Since the Williams Bookstore’s opening in August, many students and faculty have expressed concerns over the internal management and trade book section of the store.
Currently, the College has a contract with Follett, the campus bookstore chain that previously operated Water Street Books, until 2025, but both parties have the option to exit early with sufficient notice. Though Follett operates the Bookstore, the College intends to play a significant role in overseeing the Bookstore, primarily through the Bookstore Committee, which, according to the College’s website, “reviews and recommends operating policies and procedures, and provides guidance to both the bookstore and the College on bookstore matters.”
In last week’s faculty meeting, the Bookstore Committee and other faculty members expressed concerns about the Bookstore’s reductions in books and Follett’s recent hiring decisions. In particular, the linear shelf space for trade books from the old store was cut in half and the children’s book section was cut by 80 percent.
“I think it’s safe to say that all or nearly all of [the Bookstore Committee members] believe the trade books side of the store needs enormous improvement,” said Karen Shepard ’87, chair of the Bookstore Committee and professor of English. “A great bookstore understands who its customers are and offers an exceptionally well-curated assortment of books that encourages serendipitous discovery and browsing. Based on these standards, I think I would have to say that the trade section of the new Williams Bookstore, at least, is far from a success.”
Follett also told the committee that it would be consulted regarding additional hiring decisions, repeatedly stating over several years that it would hire a full-time trade books manager. Now, Follett indicates that it will not be consulting the committee regarding the decision to the extent the committee had understood, and the position will be part-time.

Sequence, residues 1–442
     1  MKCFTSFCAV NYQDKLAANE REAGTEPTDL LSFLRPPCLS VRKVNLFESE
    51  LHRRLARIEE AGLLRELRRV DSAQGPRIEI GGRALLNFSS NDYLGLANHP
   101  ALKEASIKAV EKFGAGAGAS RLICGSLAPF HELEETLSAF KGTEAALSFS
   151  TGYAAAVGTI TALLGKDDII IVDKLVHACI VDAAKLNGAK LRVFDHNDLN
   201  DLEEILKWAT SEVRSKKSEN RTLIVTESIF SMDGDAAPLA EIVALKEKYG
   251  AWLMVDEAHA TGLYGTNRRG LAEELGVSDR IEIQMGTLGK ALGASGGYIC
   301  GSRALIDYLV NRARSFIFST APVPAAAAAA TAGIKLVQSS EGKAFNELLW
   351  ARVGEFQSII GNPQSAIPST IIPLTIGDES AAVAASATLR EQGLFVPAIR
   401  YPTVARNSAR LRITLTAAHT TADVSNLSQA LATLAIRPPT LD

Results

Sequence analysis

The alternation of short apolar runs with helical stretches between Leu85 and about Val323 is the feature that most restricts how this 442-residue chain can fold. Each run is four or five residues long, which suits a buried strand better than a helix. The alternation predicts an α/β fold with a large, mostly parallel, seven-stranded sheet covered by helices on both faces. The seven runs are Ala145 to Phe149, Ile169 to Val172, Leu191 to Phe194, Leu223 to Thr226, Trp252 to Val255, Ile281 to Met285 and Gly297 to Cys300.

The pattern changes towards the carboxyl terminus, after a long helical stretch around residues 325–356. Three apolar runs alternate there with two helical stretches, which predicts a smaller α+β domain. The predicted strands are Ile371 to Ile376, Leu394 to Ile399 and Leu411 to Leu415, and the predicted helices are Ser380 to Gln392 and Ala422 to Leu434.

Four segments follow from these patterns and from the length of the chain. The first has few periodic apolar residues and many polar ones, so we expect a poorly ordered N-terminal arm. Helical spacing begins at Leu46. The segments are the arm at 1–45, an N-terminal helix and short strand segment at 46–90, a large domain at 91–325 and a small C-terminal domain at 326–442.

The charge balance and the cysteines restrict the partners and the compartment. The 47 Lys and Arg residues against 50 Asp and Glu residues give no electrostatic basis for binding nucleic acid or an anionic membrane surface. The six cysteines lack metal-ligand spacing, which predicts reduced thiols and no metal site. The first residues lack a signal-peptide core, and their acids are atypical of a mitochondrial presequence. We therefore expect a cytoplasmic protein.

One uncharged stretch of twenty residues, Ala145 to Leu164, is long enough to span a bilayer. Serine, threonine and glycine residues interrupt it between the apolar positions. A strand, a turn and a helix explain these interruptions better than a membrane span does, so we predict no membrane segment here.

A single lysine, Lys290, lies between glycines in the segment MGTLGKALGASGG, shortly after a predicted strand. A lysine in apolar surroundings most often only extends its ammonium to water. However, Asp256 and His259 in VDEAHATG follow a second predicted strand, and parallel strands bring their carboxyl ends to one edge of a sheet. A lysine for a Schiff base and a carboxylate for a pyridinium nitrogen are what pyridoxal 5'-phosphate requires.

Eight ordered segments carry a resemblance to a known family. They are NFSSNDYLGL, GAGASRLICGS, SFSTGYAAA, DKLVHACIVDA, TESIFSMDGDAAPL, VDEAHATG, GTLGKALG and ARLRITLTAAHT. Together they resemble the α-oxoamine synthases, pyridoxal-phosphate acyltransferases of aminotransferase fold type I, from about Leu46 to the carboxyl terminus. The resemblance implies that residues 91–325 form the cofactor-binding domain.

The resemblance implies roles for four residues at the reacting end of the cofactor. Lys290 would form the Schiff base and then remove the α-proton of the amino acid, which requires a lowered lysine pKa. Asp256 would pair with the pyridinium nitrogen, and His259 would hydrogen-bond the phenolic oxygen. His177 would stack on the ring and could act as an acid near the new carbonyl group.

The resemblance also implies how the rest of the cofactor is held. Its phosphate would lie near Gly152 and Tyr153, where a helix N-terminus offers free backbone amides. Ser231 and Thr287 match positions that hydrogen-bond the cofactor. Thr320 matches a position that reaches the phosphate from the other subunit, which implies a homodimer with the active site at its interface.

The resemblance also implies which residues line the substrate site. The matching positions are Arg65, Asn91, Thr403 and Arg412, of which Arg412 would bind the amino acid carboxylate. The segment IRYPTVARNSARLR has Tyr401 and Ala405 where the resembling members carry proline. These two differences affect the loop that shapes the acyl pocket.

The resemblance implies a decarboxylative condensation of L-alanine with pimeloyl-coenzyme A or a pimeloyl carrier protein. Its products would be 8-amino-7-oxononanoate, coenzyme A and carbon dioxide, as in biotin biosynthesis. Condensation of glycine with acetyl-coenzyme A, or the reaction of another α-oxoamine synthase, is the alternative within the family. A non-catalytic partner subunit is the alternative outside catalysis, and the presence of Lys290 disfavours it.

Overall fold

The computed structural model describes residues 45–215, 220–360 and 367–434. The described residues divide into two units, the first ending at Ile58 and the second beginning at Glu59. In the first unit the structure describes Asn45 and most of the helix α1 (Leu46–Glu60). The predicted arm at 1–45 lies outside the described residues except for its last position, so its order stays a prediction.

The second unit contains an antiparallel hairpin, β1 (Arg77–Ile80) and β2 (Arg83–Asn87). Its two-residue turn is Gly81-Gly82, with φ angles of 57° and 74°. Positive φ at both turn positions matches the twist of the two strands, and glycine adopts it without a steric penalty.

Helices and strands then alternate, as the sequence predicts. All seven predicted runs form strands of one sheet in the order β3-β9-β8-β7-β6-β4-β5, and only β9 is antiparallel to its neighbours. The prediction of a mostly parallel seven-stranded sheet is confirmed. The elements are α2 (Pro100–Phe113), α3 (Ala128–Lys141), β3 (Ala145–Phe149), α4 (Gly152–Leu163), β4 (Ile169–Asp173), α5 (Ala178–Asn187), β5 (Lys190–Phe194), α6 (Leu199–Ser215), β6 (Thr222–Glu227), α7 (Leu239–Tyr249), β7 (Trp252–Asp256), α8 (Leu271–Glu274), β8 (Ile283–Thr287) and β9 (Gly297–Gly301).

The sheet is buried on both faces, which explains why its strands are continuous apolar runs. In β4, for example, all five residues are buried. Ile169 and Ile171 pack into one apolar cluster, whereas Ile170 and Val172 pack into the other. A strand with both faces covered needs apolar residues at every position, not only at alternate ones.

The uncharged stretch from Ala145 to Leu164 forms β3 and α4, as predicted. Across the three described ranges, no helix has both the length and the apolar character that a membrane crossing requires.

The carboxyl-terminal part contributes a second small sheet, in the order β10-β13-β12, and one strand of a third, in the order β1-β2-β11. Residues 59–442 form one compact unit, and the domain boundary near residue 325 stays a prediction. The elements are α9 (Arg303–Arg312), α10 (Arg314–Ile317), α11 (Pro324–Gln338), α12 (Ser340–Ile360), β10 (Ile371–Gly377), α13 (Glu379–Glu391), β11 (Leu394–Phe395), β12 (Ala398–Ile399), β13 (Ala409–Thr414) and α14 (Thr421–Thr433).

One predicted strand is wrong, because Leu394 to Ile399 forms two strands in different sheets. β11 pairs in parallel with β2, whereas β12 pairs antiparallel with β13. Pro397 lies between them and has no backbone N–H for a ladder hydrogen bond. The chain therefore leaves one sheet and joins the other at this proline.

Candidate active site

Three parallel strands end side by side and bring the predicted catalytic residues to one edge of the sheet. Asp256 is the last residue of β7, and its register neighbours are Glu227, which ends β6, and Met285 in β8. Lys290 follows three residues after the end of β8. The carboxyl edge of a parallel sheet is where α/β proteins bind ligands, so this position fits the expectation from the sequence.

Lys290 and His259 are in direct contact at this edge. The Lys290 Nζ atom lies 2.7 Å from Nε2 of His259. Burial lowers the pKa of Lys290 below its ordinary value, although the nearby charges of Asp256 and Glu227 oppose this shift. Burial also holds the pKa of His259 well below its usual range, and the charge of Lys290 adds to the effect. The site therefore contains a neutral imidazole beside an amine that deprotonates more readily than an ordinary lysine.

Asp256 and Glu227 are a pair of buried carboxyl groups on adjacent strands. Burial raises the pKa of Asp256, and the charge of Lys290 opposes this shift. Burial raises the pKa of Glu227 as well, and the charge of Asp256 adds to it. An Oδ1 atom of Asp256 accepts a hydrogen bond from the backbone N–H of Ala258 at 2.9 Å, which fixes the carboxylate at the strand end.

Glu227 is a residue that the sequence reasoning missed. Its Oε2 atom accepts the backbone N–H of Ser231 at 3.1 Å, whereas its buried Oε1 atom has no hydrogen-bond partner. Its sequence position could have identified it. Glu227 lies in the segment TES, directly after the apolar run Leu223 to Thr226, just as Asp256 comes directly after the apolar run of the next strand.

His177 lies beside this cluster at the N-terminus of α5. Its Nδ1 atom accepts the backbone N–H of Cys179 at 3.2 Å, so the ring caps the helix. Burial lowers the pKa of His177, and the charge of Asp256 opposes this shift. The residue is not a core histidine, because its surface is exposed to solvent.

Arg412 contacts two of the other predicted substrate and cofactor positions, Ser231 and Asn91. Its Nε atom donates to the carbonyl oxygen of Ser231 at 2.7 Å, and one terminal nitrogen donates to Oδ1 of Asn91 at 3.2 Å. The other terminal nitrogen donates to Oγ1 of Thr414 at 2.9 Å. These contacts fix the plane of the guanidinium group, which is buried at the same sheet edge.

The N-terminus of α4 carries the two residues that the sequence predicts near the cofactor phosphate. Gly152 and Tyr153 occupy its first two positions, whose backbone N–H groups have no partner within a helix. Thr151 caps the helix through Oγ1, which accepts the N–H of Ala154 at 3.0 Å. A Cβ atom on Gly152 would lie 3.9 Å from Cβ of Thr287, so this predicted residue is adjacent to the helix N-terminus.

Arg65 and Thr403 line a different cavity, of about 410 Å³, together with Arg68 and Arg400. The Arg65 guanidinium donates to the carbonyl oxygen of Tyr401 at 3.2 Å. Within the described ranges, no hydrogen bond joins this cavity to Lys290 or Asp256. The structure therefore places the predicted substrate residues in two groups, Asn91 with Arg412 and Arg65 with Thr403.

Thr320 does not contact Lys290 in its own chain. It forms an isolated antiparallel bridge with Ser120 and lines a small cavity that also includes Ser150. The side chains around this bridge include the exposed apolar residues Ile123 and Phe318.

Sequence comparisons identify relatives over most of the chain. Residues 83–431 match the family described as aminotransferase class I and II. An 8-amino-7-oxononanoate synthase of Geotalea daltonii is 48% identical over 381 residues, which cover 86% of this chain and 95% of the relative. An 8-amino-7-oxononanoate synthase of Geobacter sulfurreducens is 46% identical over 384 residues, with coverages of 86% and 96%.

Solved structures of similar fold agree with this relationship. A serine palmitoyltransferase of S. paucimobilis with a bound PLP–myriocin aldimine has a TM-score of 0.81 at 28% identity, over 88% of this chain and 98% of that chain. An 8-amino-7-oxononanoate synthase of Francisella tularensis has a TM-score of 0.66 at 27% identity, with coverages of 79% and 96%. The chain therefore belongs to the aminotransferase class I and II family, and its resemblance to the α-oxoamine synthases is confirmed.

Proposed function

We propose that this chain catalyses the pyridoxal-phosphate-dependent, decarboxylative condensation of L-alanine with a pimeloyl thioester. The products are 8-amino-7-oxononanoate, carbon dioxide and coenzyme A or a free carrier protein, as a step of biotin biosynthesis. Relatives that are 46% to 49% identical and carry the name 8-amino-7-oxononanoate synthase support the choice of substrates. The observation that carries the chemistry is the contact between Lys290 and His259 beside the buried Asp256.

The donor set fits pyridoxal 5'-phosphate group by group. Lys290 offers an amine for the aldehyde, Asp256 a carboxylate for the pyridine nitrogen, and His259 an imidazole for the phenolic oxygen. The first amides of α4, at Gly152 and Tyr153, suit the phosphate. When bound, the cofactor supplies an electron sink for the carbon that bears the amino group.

“The committee feels very strongly that [the trade books manager] is a key position, responsible for overseeing the area of the store that is most inadequate at the moment,” Shepard said. “The committee believes that the strongest candidates can only be attracted if the job description is revised to include the particulars of working in this community and if the position is full-time. We worry that Follett’s resistance to these things indicates a lack of interest on their part when it comes to doing what is necessary to create a vibrant, first-class bookstore, one that represents the College’s and the community’s values.”
In a meeting on Monday, the committee discussed potential courses of action to address these issues with Follett. “There will be a meeting between College representatives and Follett representatives this week to discuss several issues, including the issues that came up at the faculty meeting, as well as the trade position and the committee’s input for that hire,” Shepard said.
Still, Shepard emphasized that the College’s collaboration with Follett is on-going and that this is still very early on in the Bookstore’s process. What is clear thus far, Shepard said, is the displeasure among faculty members with the trade book portion of the store.